The introducer is inserted through the right tunnel into the chest at the entry site under direct vision with the thoracoscope. It is gently advanced across the mediastinum directly under the sternum at the level of maximum pectus depression.
Once the introducer is completely across the mediastinum to the left side, it is used to elevate the sternum (Fig. 140-12). An umbilical tape, or two heavy silk ties are tied to the end of the introducer, which is slowly pulled out, across the mediastinum under direct thoracoscopic guidance (Fig. 140-13A,B). The umbilical tape remains across the substernal tunnel and is tied to the pectus bar, which has been shaped to form the patient's corrected thoracic cavity, and guided through the substernal tunnel under direct vision using the tape for traction (Fig. 140-13C). The pectus bar is inserted with the convexity facing posteriorly. Once the bar is in position across the thorax, it is rotated 180 degrees with the bar flipper (Fig. 140-13D,E). The bar should conform to the shape of the chest wall on each side, without protruding out of the skin or compressing the chest wall (Fig. 140-13F). If further bending of the bar is required, it is flipped and bent using the small Lorenz bar bender. A second bar may be required for adequate correction. This may be inserted one interspace above or below the first bar (Fig. 140-14).9,13
The introducer is advanced across the mediastinum and is used to elevate the sternum.
A. An umbilical tape is tied to the end of the introducer. B. The introducer is slowly retracted through the substernal tunnel into the right chest under direct vision, leaving the umbilical tape across the mediastinum. C. The umbilical tape is tied to the pectus support bar (shaped to the conformation of the patient's chest wall). D. Pectus bar is slowly pulled across the mediastinum into the left chest under direct vision, with the convexity of the bar facing posteriorly. E. Bar flipper is used to turn the pectus bar 180 degrees. F. The pectus bar should be positioned closely to the chest wall on either side of the thorax.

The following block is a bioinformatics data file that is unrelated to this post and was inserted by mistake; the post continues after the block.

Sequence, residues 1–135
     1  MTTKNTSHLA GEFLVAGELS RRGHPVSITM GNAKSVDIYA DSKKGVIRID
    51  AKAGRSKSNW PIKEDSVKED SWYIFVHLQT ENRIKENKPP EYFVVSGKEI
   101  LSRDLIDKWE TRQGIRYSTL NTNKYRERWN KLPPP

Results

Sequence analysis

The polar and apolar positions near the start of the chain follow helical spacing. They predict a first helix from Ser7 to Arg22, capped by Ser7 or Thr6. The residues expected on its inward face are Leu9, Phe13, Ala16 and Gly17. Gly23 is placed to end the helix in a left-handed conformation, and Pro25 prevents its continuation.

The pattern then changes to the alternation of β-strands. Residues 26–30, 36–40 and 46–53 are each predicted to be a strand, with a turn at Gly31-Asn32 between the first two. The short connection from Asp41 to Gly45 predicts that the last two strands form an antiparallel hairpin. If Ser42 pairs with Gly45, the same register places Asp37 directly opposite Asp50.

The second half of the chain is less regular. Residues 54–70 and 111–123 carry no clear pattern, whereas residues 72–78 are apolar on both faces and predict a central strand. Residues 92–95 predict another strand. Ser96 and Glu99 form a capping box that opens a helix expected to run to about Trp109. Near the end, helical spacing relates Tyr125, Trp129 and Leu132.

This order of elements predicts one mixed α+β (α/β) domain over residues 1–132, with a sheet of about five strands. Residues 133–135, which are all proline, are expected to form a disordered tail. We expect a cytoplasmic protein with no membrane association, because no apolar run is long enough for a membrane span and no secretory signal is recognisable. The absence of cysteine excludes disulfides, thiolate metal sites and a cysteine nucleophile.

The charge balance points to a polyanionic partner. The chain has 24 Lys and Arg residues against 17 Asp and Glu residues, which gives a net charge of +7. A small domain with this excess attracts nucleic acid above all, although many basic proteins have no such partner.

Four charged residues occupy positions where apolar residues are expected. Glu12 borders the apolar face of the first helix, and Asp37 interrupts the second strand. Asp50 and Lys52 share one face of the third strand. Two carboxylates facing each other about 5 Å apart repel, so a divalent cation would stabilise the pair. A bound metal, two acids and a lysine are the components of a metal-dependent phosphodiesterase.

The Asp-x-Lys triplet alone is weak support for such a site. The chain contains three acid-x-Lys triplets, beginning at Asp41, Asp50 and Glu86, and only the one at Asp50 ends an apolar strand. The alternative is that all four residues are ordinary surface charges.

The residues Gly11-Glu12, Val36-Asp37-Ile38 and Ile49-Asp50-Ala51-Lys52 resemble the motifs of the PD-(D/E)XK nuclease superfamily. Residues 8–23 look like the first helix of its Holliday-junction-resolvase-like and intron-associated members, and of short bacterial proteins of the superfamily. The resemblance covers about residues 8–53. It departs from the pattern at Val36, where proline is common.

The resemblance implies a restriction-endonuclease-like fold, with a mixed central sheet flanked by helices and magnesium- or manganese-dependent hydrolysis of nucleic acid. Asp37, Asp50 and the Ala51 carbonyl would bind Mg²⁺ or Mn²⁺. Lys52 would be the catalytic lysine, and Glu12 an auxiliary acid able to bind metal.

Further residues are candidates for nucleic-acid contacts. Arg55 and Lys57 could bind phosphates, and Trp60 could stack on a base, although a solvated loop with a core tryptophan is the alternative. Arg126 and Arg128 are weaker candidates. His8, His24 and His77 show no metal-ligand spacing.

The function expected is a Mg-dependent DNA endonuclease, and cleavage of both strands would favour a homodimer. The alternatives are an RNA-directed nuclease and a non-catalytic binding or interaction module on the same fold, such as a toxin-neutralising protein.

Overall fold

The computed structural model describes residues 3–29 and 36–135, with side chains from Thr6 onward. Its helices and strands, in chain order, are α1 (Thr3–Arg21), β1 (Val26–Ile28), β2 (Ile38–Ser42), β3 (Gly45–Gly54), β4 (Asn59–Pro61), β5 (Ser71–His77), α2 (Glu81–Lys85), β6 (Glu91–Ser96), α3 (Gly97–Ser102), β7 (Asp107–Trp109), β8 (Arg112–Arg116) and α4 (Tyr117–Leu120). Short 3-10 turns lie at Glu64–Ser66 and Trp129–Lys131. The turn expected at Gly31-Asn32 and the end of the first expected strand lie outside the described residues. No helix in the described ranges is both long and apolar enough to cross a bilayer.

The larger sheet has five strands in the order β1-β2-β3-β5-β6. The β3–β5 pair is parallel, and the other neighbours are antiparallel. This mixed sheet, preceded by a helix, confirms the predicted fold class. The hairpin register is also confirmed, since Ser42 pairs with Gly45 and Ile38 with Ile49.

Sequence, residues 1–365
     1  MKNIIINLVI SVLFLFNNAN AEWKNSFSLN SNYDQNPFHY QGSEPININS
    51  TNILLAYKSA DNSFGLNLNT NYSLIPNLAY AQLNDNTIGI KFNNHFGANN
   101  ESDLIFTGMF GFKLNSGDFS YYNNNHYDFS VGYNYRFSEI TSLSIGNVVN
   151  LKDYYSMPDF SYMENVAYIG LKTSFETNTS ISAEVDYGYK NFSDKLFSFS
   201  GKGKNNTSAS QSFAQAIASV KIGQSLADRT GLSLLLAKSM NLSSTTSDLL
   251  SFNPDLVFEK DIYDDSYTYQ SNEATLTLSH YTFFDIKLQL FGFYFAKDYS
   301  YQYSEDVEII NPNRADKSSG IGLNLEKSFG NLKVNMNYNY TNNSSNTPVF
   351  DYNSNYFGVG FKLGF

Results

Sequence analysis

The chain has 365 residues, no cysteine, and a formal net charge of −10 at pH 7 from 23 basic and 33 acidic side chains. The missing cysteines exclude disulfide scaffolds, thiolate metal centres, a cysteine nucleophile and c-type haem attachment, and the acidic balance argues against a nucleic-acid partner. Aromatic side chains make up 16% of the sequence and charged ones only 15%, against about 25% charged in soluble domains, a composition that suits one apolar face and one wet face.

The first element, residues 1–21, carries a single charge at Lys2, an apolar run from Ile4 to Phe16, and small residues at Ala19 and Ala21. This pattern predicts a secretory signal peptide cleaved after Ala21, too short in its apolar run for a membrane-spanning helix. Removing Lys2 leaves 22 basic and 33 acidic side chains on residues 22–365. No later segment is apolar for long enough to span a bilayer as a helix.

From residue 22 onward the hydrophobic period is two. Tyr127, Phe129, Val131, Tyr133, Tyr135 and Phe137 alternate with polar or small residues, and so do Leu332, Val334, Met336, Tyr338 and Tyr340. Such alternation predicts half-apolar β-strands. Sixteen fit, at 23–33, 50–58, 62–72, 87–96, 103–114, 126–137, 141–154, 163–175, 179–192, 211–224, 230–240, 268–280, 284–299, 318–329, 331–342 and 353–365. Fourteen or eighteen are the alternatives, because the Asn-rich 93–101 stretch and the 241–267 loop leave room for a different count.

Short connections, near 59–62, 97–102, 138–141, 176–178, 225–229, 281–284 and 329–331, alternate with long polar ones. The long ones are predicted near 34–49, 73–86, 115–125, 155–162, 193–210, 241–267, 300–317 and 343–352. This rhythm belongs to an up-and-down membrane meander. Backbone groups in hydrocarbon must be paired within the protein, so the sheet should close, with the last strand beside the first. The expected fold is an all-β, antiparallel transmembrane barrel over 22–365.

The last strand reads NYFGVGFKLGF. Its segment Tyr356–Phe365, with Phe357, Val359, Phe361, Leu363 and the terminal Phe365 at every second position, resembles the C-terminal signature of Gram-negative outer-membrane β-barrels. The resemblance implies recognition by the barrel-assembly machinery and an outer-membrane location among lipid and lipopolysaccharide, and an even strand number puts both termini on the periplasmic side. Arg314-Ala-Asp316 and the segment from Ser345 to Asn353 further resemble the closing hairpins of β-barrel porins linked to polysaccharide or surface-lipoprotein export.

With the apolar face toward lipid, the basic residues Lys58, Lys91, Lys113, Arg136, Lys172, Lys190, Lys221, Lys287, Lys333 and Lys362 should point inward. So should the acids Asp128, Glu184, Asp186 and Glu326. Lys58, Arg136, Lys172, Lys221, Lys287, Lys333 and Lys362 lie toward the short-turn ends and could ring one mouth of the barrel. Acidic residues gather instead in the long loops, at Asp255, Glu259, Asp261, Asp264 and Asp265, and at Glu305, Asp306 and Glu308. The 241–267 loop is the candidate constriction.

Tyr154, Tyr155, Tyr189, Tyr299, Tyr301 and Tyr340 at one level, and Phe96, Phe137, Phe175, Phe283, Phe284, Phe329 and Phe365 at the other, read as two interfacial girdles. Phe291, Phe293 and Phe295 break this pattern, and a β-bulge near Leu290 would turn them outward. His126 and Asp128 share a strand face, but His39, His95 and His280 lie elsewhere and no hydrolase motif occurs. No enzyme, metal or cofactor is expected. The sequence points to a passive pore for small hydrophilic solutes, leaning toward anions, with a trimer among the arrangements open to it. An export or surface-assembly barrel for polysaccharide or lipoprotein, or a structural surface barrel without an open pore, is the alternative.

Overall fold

A second bar may be required for adequate correction of the pectus deformity. Inset: A stabilizer is placed at the end of the bar on the left side or bilaterally. It is secured with a number 3 surgical steel wire or heavy nonabsorbable suture.
After adequate positioning of the bar(s) for correction of the pectus deformity, bar stabilization is performed by placing a stabilizer on the left side and securing it into place with number 3 surgical steel in a figure-of-eight pattern. Alternatively a heavy nonabsorbable suture such as polypropylene is used with the titanium bar for those with metal allergy (Fig. 140-14, inset). Several heavy 0 or 1 absorbable sutures are used for pericostal suture placement to secure the bar to the underlying rib on the right side. This can be performed under direct vision with the thoracoscope. Additional absorbable 0 sutures are used to secure the fascia of the chest wall to the holes in the bar and stabilizer.9,12
Once the bars are secured in place, the incisions are closed in multiple layers. The residual pneumothorax is evacuated after the incisions are closed, by leaving the trocar in the chest, cutting the gas tubing, and placing the tubing in a bowl of saline to create a water seal. The anesthesiologist applies positive pressure ventilation until the CO2 is evacuated, which is evident by cessation of bubbling in the bowl of saline. The trocar is then removed and site closed in two layers. A chest radiograph is obtained postoperatively to evaluate for residual pneumothorax and baseline bar position.9–13